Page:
The Bugman has a list of top SoCal bugs that he wants to see one of these days: the long-horned California prionus beetle, the luxurious ceanothus silk moth and the lovely Pacific green sphinx moth. He’s also itching to see the rain beetle in action. “The males are the only ones that fly and the females are 8-10 feet underground,” he says. “They mate only during the winter rains in the early morning or late twilight hours.”
Rock star status? Nope? Cuddly and colorful? Nope. Slippery when wet? You bet.
The nearly extinct mountain yellow-legged frog is not your typical poster-animal for endangered species. Sure it’s not a sexy beast (well, maybe in a Mick Jagger sort of way…) but this little hopper is gaining attention and getting a frog’s leg-up from local organizations that want to see the rivers and ponds of SoCal once again filled with extended froggy families.
We couldn’t have been more pleased when last year, Senator Dianne Feinstein (D-CA) sought to protect about 1.6 million acres of desert lands which resulted in drafting of the California Desert Protection Act of 2011 — and we’re anxiously waiting for it to be the real deal soon.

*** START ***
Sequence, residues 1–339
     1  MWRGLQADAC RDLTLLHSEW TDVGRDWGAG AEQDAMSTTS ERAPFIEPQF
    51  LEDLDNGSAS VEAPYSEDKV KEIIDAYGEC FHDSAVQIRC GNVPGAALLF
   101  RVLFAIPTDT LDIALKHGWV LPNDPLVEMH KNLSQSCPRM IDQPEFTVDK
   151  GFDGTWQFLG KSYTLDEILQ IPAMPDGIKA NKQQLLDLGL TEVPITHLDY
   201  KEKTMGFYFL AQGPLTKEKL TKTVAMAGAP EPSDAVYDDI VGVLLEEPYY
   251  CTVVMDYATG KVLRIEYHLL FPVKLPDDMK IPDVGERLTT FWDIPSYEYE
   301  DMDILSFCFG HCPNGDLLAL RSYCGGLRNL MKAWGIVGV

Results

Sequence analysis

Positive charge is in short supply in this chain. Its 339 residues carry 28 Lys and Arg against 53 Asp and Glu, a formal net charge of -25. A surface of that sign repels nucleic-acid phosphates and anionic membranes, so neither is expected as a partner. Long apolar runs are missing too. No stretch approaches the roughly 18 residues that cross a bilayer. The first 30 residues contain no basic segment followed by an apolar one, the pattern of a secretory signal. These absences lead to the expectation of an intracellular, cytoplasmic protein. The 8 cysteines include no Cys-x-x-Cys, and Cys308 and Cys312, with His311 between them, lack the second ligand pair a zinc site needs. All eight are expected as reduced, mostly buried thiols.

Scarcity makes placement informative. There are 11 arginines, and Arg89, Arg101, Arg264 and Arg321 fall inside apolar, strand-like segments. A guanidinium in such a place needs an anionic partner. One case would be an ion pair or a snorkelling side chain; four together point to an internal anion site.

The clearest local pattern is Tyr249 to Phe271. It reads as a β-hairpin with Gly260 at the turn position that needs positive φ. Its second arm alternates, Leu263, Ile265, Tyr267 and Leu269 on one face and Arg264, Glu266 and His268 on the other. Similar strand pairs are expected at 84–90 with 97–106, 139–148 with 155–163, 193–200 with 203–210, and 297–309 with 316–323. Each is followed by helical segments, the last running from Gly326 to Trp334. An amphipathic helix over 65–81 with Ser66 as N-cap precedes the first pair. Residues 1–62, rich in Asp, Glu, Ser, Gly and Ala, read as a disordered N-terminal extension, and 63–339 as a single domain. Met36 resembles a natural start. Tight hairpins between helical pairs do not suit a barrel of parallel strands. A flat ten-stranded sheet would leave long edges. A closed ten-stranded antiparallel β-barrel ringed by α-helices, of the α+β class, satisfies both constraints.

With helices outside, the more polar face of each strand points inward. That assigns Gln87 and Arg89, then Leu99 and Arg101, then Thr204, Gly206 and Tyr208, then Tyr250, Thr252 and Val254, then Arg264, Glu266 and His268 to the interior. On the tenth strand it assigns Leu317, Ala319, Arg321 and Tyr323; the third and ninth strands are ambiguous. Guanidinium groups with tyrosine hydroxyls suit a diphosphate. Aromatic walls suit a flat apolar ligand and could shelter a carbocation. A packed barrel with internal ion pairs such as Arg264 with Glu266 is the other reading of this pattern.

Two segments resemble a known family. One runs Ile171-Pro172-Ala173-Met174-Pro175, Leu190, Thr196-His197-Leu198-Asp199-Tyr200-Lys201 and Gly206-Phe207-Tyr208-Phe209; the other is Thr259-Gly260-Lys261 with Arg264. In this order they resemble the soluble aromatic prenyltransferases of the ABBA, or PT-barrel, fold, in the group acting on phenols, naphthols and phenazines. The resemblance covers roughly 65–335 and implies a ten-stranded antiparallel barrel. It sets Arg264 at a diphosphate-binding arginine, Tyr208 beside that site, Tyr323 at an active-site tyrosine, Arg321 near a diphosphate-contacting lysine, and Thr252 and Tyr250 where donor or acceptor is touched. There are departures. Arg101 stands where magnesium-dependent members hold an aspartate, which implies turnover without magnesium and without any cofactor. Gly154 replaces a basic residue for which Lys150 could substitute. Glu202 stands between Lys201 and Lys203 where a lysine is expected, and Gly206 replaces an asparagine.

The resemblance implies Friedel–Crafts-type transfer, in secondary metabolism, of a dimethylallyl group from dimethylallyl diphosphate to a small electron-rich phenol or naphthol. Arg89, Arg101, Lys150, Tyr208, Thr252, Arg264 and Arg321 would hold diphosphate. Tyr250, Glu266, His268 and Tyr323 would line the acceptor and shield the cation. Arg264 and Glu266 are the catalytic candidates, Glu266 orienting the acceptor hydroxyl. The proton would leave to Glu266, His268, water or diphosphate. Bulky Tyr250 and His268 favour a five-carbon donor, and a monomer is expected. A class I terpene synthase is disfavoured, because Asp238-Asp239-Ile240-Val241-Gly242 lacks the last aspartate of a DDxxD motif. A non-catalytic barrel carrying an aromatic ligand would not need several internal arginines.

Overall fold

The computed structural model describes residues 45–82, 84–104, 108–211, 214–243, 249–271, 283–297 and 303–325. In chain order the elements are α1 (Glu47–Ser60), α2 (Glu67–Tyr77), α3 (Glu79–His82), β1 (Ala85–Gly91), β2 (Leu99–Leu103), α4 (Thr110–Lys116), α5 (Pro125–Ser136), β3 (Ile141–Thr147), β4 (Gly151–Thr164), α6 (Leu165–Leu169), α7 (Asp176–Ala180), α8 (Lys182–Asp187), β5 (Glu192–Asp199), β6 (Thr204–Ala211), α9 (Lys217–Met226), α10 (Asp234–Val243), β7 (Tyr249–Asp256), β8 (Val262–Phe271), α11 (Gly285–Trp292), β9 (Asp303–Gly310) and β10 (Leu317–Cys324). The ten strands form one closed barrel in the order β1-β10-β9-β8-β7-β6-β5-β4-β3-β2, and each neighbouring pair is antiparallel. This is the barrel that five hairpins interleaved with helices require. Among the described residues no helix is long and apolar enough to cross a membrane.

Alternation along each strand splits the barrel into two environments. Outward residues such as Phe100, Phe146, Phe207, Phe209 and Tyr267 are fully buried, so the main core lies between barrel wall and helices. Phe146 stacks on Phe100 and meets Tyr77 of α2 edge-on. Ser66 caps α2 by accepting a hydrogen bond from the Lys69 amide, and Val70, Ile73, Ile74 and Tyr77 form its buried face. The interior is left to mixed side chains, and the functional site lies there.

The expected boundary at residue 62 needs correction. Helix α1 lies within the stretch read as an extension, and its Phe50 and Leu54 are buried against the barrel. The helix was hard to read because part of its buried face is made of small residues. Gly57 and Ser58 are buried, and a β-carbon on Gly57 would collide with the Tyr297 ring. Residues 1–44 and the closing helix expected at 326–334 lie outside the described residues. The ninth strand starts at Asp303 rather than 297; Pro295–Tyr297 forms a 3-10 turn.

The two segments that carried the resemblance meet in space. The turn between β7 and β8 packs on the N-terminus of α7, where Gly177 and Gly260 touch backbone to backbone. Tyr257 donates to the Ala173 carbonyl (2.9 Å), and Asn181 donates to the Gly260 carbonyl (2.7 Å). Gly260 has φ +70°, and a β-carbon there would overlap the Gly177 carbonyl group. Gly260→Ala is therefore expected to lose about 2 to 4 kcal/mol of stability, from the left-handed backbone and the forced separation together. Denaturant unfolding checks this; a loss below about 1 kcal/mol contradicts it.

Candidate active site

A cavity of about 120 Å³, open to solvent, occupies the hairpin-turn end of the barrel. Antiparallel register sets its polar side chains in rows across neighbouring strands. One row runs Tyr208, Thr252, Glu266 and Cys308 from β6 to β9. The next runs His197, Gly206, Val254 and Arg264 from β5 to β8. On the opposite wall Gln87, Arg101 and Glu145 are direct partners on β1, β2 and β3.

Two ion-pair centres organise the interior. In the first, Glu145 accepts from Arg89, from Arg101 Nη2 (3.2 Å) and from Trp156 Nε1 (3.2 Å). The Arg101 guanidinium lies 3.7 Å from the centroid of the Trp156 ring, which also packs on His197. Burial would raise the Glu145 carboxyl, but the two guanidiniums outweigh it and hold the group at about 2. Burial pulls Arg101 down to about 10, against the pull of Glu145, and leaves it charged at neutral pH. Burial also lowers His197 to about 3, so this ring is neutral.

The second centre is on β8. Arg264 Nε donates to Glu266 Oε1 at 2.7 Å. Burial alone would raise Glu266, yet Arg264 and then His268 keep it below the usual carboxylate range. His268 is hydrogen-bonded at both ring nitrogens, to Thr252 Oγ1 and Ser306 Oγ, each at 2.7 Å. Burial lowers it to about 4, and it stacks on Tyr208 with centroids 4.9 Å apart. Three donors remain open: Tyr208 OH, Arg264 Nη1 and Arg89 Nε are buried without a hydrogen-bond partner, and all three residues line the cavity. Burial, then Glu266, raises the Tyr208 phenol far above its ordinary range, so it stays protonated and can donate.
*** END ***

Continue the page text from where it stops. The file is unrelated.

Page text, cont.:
There’s an abundance of news circulating about sea lions coming ashore to local beaches suffering from seizures brought about by domoic acid poisoning. It’s not a pretty sight when large sea lions flail about helplessly on the sand foaming at the mouth. Heartbreaking, to be sure.
Living in Southern California can be problematic with crowded conditions, urban sprawl and nightmarish traffic. These challenges present a double and triple whammy to urban wildlife that must navigate, circumvent and survive in a landscapethat wasn’t here 50 years ago.
Smaller than a house cat, the Santa Cruz Island fox is king of the roost on his very own island; not every critter can lay claim to such a captive empire. And these little beasts are flourishing back on their native soil, years after their numbers precariously dwindled.